A word for the dearly departed

Now you see 'em, now you don't: A look at some of the dearly departed companies of 1998.

Undertakers and dealmakers had a heckuva year in 1998.

As the merger market shifted into hyperdrive, it seemed that a new deal was being announced or another company getting slammed every other week. And indeed, several significant companies disappeared from the scene. (A moment of silence, to pay homage to some of the more notable dearly departed of 1998.)

Digital Equipment Corp.
The year started off with a bang when Compaq Computer Corp. announced plans to buy Digital Equipment Corp. At first, critics wondered if Compaq had bit off more than it could chew by attempting to digest an industry titan like Digital, but the deal met with general approval. And the worst fears never materialized. In October, Compaq reported that the integration of Digital was on track and that the new subsidiary would contribute to earnings by the end of 1998.

Power Computing Corp.
Power Computing found the transition from its Macintosh business to the Wintel PC market an impossible challenge. In early January the clone maker decided to sell its remaining assets to Apple Computer Inc. Although industry observers mourned the loss, Apple clearly benefited from Power Computing's exit from the scene as one of its chief Macintosh rivals disappeared into the dustbin of history.

SyQuest Technology Inc.
A pioneer in removable storage devices, SyQuest took some heavy lumps in its fourth quarter. The company then announced in August it would cut its work force by half or about 950 jobs. It failed to stave off the wolves. SyQuest shuttered its doors and filed for bankruptcy protection on November 11.

Hayes Microcomputer Products, Inc.
It was only a matter of time before the modem maker raised the white flag. Hayes, which had already gone down this road before, announced losses and a restructuring in August. Reflecting a wider slump in the modem market, the company once again filed for bankruptcy in October.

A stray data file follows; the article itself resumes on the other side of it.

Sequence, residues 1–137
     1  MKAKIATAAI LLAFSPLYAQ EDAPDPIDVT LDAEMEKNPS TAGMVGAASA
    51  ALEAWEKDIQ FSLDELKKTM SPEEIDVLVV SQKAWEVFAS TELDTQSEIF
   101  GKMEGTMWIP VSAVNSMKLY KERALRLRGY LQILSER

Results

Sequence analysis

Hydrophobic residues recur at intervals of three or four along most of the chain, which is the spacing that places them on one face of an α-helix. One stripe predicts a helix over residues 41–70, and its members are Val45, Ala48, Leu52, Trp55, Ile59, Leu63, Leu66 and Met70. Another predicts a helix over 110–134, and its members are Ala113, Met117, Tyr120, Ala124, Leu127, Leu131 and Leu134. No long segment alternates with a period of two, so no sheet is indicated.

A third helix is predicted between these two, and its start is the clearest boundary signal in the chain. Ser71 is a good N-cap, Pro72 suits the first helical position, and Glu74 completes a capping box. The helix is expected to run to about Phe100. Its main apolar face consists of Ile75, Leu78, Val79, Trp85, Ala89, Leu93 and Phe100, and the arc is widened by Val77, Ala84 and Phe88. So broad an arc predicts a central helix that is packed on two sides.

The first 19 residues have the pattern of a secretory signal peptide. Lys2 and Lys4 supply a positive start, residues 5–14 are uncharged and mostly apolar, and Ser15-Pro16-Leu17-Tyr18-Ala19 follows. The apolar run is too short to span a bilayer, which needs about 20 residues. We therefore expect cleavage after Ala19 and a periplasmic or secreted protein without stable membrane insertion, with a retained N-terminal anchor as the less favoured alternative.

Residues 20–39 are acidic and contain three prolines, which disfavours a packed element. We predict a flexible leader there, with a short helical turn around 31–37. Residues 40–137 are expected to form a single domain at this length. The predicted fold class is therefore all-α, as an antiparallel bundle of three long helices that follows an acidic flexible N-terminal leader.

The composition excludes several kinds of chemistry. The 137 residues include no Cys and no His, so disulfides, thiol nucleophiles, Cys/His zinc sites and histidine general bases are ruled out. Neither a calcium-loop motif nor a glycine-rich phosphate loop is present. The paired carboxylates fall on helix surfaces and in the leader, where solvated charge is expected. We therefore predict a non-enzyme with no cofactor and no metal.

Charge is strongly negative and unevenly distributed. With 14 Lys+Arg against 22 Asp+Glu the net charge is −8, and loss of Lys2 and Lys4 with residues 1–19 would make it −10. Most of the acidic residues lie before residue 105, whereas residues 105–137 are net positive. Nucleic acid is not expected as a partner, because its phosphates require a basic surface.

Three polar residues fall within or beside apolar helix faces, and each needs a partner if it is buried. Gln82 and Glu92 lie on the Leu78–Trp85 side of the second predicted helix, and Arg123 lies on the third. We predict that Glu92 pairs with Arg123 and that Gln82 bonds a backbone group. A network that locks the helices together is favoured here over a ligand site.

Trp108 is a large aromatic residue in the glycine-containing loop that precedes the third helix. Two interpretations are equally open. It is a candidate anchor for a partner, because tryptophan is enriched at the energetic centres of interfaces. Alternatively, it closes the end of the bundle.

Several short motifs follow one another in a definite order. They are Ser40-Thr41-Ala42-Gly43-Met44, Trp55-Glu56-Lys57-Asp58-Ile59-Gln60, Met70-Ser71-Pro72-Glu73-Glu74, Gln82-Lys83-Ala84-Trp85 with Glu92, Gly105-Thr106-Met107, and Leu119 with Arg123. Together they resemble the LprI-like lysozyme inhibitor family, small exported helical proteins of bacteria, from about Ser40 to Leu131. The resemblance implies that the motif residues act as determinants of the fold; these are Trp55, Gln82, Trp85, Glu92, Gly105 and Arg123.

The death of ISP @bigger.net in October raised the question: Can free-access ISPs survive? If @bigger.net is any indication, the answer is a resounding no. The company offered users unlimited, lifetime access to the Internet. In exchange, advertising windows remained on the desktop while users were online. Will other free-access ISPs share a similar fate? Few of them are making money -- and that is not a long-term strategy for remaining in business.

Honorable Mention: Zapata Corp.
Who the heck is Zapata? That's the question everyone was asking when Zapata Corp. suddenly showed up in April to snap up pioneer Web magazines Word and Charged. The company then announced plans to reorient itself as an Internet player and made a bid for Web portal Exite. This bold move had industry pundits' tongues wagging until the company abruptly did an about face and just as suddenly deserted the Net scene including the 31 companies it had made deals to acquire. Apparently, the Web wasn't ready for a 'lotta Zapata' after all ...


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